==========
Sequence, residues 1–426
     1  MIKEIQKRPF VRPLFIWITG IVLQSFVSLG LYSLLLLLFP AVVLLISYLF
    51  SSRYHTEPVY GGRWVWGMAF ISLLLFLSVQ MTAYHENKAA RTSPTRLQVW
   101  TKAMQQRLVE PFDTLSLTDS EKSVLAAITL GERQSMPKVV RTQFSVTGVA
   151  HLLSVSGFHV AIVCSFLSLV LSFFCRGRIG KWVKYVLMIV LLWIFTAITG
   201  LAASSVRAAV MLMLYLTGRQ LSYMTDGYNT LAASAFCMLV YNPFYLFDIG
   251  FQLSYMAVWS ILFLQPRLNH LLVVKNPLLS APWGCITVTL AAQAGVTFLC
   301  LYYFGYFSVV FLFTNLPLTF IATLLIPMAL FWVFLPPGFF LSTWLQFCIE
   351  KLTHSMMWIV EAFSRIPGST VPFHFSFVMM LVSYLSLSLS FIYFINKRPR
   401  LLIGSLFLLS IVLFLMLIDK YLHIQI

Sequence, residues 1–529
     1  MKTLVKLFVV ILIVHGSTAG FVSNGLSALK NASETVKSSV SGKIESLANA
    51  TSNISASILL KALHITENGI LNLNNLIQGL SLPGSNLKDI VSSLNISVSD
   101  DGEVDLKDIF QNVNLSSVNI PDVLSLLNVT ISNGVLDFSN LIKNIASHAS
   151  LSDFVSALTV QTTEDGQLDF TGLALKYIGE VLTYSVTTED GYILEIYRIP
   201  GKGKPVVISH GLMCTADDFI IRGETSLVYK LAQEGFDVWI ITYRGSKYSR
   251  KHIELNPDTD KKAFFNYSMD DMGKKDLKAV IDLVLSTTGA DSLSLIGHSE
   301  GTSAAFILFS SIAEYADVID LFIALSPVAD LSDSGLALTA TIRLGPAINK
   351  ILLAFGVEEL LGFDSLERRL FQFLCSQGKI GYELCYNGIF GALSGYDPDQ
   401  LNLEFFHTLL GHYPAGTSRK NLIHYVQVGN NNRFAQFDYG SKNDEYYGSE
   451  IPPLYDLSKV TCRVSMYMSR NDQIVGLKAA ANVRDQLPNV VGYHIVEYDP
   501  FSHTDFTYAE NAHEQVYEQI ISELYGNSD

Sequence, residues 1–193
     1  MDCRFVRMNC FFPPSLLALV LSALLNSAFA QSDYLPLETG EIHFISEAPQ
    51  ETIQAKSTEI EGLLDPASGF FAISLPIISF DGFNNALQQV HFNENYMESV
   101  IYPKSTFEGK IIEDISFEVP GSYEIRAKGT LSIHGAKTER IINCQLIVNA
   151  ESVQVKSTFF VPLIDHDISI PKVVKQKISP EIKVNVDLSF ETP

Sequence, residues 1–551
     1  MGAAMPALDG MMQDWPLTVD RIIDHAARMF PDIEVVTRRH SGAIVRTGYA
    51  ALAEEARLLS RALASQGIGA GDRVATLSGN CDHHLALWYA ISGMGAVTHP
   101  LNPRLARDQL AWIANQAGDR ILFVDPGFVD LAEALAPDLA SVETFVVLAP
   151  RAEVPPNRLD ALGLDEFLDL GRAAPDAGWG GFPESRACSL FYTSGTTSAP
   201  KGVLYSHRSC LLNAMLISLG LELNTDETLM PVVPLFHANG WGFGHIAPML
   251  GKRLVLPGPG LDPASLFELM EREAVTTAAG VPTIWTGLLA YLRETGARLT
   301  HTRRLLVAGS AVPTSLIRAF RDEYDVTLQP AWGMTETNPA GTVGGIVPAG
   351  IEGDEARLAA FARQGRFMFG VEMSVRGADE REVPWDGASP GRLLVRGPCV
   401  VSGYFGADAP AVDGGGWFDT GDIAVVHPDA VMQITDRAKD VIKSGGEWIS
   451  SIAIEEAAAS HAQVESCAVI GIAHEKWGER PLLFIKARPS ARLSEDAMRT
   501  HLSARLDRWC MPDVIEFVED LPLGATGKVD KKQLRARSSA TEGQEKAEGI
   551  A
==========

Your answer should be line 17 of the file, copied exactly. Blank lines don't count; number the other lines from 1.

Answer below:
   251  KHIELNPDTD KKAFFNYSMD DMGKKDLKAV IDLVLSTTGA DSLSLIGHSE